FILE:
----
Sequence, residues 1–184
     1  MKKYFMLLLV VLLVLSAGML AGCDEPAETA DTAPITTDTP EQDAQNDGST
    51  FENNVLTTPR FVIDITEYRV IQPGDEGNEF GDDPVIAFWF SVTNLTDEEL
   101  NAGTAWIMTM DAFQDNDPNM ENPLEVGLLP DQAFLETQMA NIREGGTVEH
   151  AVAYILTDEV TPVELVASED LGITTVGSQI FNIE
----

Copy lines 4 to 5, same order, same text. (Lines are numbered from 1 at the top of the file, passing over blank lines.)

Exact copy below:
   101  NAGTAWIMTM DAFQDNDPNM ENPLEVGLLP DQAFLETQMA NIREGGTVEH
   151  AVAYILTDEV TPVELVASED LGITTVGSQI FNIE